Being sexually abused led me to be more empathetic, considerate and aware of other people’s feelings. I became involved in personal development and explored my inner life and learnt to listen to the wise voice inside to resolve problems and issues, meditate and ultimately to become a writer, song writer and poet.

What I find difficult is I never know which parts of my personality are as a result of being sexually abused and which are not/me.



The Backward Dance


When people start to get to close

I feel discomfort and anxiety

I don’t like the feeling

Of too much intimacy


But then I feel lost and hurt

When they start to move away

And start to dance the forward dance

Without too much delay


I come on very strong with someone new

And adopt a friendly open stance

Then they become confused when they move forward

because I start to do the backwards dance


But I’ve noticed everyone does the backward step

To some extent just not as much a me

I do it so I won’t get hurt

It’s ingrained in my personality



If you haven’t had a chance to buy a copy of “A Spanish Love Affair yet, you may be interested to know that I am doing a


                                     17TH TO 30TH JANUARY 2022




Narrabeen Newsagency for the book with coffee at the Lakehouse Café, 1322 Pittwater Road, Narrabeen

Black Honey Coffee Shop book and coffee 3/18 Ocean Street, Narrabeen.

‘A Spanish Love Affair” is young Australian tennis player, Susan Joy Alexander’s story.

It is about:-  Growing up in Narrabeen in the 1950’s

Going overseas to play tennis in Europe.

And Spain

In the late 60’s and early 70’s There was no money in tennis so Susan couldn’t afford to go back and forward between England and Australia.  She decided to stay in England over winter BUT on 10th October at 10am in the morning it was too cold, dark and wet so she hopped the train to Madrid.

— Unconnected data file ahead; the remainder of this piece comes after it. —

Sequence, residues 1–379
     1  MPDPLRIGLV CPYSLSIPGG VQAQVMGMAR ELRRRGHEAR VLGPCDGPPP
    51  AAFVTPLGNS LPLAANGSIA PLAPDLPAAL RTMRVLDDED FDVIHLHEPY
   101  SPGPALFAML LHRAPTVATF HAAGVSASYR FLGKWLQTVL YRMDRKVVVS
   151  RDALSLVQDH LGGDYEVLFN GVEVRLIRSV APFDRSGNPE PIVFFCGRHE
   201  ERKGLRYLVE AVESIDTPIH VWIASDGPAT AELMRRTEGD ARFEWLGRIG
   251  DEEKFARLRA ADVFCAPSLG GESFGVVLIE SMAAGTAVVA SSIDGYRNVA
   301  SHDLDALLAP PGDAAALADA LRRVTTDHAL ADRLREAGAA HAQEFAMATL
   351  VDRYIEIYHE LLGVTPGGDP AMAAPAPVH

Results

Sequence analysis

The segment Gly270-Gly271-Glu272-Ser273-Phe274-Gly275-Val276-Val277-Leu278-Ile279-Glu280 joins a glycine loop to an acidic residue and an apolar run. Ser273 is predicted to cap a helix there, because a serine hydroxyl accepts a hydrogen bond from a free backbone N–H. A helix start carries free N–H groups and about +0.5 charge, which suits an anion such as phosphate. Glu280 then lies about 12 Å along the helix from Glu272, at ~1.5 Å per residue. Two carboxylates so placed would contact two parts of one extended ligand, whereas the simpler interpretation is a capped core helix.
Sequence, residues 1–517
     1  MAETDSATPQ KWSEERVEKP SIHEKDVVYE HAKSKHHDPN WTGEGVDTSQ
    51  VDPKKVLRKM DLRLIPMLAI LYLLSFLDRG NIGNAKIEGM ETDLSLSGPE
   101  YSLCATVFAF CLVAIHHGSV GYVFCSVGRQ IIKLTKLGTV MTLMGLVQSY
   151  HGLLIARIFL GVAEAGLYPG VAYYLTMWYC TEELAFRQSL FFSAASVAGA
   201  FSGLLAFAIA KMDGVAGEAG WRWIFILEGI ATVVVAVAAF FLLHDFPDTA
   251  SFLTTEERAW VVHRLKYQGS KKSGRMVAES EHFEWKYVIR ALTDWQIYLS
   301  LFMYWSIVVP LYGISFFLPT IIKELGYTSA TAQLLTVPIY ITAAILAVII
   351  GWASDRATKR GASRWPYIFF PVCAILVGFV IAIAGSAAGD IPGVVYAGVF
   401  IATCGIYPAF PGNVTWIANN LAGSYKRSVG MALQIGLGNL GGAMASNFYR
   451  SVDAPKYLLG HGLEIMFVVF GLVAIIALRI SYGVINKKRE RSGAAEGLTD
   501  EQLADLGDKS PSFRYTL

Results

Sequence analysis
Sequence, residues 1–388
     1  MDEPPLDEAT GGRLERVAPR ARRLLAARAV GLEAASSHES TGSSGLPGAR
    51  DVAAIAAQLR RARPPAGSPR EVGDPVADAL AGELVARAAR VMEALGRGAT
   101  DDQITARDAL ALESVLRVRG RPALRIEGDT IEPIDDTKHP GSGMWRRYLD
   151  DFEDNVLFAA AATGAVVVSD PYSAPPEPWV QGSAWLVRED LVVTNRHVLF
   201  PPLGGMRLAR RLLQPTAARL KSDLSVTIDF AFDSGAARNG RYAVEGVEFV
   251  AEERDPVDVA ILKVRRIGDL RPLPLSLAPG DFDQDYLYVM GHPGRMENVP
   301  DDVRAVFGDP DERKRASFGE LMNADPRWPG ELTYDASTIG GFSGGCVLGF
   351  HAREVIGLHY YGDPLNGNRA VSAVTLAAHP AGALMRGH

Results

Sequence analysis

The story really hots up when Susan falls in love a handsome and charming Spaniard.


In an instant


In an instant

Things can change

When something happens and causes

Your whole life to rearrange


Just when the road ahead

Seems smooth and straight

She steps in

The hand of fate


An accident at work or on the road

Even on holiday

You nearly drown, get caught in a bushfire or

Are struck by lightening,

Or get caught in an affray


Just being at the wrong time in the wrong place

Can leave you with hours, days or a lifetime

Of misery to face


So grab each precious moment

And hold it extra tight

For you never know what will happen

Today, tomorrow or even tonight


I should add to this poem that you could catch Covid, become a close contact or like that poor woman, Sue Cobham who died when a Norfolk Pine fell on her at a carpark just down the road from us at the Narrabeen Surf Club – just at the wrong place at the wrong time.






Mary has gone

Although her earthly cloak still lies on the bed

Supplied by the Manly Hospital

She is flying high

Free from earthly worries

Pain and discomfort

Bathed in a heavenly light

She sees and hears as she did as a girl

And sings like an angel

Reaching the highest notes effortlessly

As in the Cambridge choir days

As she belts by on a fast-moving cloud

The wind in her hair

Which has miraculously returned to her

She shouts “Do not mourn for me my friends

I am having a ball”

Mary and I were unlikely friends.  She was a Cambridge Graduate in science and maths.  I left school as soon as I could and could never see any point in algebra, geometry and science – Mary’s favourite subjects.. I just knew I’d never use them, and I was right.

Mary was left brain.  I am so far right I’m nearly off the board.

Mary was short and plump.  I am tall and athletic.

I am a clothesaholic and love to buy my clothes at Carla Zampatti. Mary shopped for her clothes at Target but had the ability to make them look very smart and professional.

Both of us didn’t like housework.  Mary less than me. She was an early feminist and had little interest in food and its preparation she told me. Her cleaners told me that they only ever had to dust out her oven and the top of her stove.